‘ ‘ PADDY’ ’,
The Halfway House, Lillie Road, Fulham, S.W.6
In our wanderings among the pubs of Greater London (and a
little beyond) it is impossible not to notice that the inn and the
tavern enrich and support what has come to be known as the
English way of life.
We take note of how the plays of Shakespeare are enacted in
the courtyard of an inn in the centre of the City of London. There
are many other links to show the rich humanity of the English pub.
There is, for example, the case of The Halfway House.
Years ago this pub was an old coaching inn within the boundaries
of the Manor of Fulham. One would like to have seen Lillie Road
in that happier age, for the march of time has laid heavy hands
on this thoroughfare. Did the lily ever bloom near Lillie Bridge?
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The Halfway House
You can still see the stables of the days when it was a coaching
inn, a half-way house for the change over of horses for coaches
and, later, for buses.
Not far of, is the Church of St, Augustine which was a victim
of the blitz. But the work of the Vicar of Fulham goes on. On the
ﬁrst Sunday evening of the Church of England’s Mission to London
the vicar walked into the saloon bar. As he stepped on a soap box
his ﬁrst words were: “You won’t come to my church so I come to
The Halfway House.”
And these words, in a small way, were a great departure from
the past. It was as if he were saying “Fulham is my parish” just as
Wesley had said much the same thing before.
Before the Vicar had been in the house many minutes, he asked
the regulars to continue their smoking and drinking. And so he
gave’His Message to the tinkling, and not unmusical, accompani-
ment of the cash register.
Abide With Me
Very soon the ﬁfty regulars had increased to a “congregation”
of two hundred souls. The Vicar offered prayer.
The frequenters of the London pub can sing with as much
grace and sweetness as any body of men and women. So when the-
Vicar asked if his new friends would like to sing a hymn, the two
hundred rose to their feet, and soon the wonderful words and
music of Abide With Me were heard in these unusual surroundings.
and “put nigh” was considerable. The cries are said to be for ever
commemorated in the names of Fulham and Putney.
Certainly, there are neighbouring churches at Putney Bridge
to lend support to the strange story. Let us be content with thinking
that if the story is not true, it ought to be. Now the story has a
Slow as the building was, it was destined to have still further
interruption. On one occasion, the Putney sister is said to have
made an awkward throw which broke the hammer. But there was
hope for the pious, for a kindly blacksmith volunteered his services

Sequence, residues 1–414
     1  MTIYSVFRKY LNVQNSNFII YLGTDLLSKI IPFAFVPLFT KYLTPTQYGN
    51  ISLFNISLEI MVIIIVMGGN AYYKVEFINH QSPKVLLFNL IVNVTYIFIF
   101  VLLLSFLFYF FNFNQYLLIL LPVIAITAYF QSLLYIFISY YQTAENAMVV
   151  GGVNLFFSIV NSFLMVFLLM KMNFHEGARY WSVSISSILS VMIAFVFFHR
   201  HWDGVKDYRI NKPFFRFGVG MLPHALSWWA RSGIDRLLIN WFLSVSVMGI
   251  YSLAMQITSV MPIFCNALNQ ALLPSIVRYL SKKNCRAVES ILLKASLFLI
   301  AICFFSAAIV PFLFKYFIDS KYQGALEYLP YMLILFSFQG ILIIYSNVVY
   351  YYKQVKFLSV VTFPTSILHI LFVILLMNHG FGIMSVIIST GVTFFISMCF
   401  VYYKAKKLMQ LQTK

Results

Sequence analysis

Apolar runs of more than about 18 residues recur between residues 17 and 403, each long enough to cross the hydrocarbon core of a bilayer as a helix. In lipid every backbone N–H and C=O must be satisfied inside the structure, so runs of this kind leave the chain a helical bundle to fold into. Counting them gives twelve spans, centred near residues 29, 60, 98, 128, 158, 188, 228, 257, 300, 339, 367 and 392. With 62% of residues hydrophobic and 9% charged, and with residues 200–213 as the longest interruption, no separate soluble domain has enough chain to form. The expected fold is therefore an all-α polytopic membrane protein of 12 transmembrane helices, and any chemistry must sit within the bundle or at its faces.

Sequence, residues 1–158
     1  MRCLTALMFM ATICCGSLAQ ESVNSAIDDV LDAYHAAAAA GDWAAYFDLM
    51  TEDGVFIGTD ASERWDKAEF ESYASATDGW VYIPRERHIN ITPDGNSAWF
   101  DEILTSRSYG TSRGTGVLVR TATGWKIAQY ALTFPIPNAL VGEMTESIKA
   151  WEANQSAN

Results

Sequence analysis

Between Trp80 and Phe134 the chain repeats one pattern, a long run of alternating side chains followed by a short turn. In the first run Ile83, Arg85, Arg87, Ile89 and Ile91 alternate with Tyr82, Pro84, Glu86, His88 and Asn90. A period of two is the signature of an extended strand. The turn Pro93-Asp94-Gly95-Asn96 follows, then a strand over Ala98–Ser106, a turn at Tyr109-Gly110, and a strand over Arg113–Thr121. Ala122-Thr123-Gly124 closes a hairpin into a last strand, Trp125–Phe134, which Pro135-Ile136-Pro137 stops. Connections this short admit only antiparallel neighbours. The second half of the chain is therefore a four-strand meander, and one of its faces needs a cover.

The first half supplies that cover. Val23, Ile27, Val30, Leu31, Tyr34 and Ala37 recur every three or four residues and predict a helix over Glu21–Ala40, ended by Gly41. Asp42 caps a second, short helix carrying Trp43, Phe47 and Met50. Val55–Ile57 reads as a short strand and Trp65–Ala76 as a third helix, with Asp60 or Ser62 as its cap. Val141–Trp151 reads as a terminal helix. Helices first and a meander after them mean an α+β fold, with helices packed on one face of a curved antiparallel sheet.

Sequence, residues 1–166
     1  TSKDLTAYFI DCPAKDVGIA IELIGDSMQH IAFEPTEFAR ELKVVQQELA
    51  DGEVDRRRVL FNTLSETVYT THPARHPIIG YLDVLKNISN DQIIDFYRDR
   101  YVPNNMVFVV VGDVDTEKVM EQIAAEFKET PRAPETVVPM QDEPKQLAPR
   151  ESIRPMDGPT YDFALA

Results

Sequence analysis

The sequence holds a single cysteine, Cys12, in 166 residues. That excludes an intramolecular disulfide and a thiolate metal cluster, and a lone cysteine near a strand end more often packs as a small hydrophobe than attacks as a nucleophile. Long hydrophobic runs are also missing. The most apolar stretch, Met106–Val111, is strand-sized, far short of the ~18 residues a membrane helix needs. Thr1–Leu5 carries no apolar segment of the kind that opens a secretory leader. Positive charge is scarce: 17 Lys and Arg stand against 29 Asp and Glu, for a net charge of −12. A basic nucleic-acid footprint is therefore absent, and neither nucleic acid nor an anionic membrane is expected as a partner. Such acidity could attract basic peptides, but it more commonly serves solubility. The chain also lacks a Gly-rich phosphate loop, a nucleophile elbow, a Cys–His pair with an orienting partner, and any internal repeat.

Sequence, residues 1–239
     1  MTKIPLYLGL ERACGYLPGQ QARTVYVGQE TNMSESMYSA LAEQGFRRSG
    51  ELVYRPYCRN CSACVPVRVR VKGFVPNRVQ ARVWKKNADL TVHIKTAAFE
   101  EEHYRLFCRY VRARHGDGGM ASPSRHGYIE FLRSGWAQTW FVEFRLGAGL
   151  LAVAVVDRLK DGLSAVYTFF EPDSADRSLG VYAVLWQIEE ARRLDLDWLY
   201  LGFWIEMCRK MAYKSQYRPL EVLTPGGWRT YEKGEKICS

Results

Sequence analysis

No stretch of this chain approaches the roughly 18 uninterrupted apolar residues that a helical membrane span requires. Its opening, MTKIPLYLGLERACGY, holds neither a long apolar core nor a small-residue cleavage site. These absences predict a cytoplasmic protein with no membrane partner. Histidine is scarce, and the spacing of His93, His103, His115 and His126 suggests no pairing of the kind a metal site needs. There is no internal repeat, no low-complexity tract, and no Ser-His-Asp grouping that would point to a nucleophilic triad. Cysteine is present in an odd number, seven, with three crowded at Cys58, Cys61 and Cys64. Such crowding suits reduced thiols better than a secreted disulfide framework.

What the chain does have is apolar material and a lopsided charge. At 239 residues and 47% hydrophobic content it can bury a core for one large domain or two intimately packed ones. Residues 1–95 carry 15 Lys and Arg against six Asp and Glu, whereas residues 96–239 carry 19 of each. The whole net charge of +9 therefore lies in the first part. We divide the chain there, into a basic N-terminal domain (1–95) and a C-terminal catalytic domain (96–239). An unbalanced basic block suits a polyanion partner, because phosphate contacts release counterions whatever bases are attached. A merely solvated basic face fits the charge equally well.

to mend the hammer. In commemoration of his services the place
of repair has for ever after been known as . . . yes, you’ve guessed
Does not Coleridge say:
One wonders, as these men and women sang of their faith in
salvation, whether any eye strayed to the stained glass windows of
the pub, which must have taken on a new significance that night.
And in this assembly and mission the human soul is not the only
. . . He prayeth well, who loveth well
Both man and bird and beast
He prayeth best, who loveth best
All things both great and small;
For the dear God who loveth us,
He made and loveth all. . . .
One of those present in that memorable service was Paddy, a
cheerful cross-bred fox-terrier. Paddy has a zest for life and during
opening hours he enjoys every minute, meeting his pals, playing
the old and ever-new games that dogs love, chasing that which
can never be caught, or so it seems to a human.
Paddy the Fox Terrier Cross
Mine Host at The Halfway is on the slight side, and Paddy
acts as chucker-out; all he needs to do at ten o’clock is to shout
“Paddy”, and our dog jumps to his duty.
There is an interesting tradition of how Fulham came to get
its name. You do not hear much of it now, but down to within living
memory the story was almost an article of faith, at least with many
of the village folk.
Once upon a time (according to the legend) two weird sisters
of gigantic stature, who lived on opposite banks of the Thames,
undertook to build the towers of two churches which stood near
their respective homes. Unfortunately, they possessed but one
hammer between them. As there was no bridge across that part
of the river, they were obliged to throw the hammer from one bank
to the other, as required.
It will be seen, therefore, that the two
sisters had strength to match their size. As one sister wanted the
use of the hammer, she would stand by the river and shout across
the water :
“Sister, full home.”
With a dexterous cast, the other sister would deliver the hammer,
as required—”full home”. And when she wanted it returned to
her, she would shout across the river :
Now, since the hammer was required for every stone that was
laid, it can easily be seen that the amount of shouting “full home”
and put nigh was considerable
Hammersmith and it’s name
The cries are said to be forever commemorrated in the names
of Fulham and Putney.
Certainly,they are neighbouring Churches at Putney Bridge to lend support
to this strange story.Let us be content with thinking that if the story is not true,
it ought to be.Now this Story has a sequel.
Slow as the Building was ,it was destined to have still further interruption.
On one occasion, the Putney sister is said to have made an awkward throw which broke the hammer.
But there was hope for the pious,for a kindly blacksmith volunteered his services
to mend the hammer. In commemorationof his services the place of repair has forever
been know as…. yes ,you’ve guessed it – Hammersmith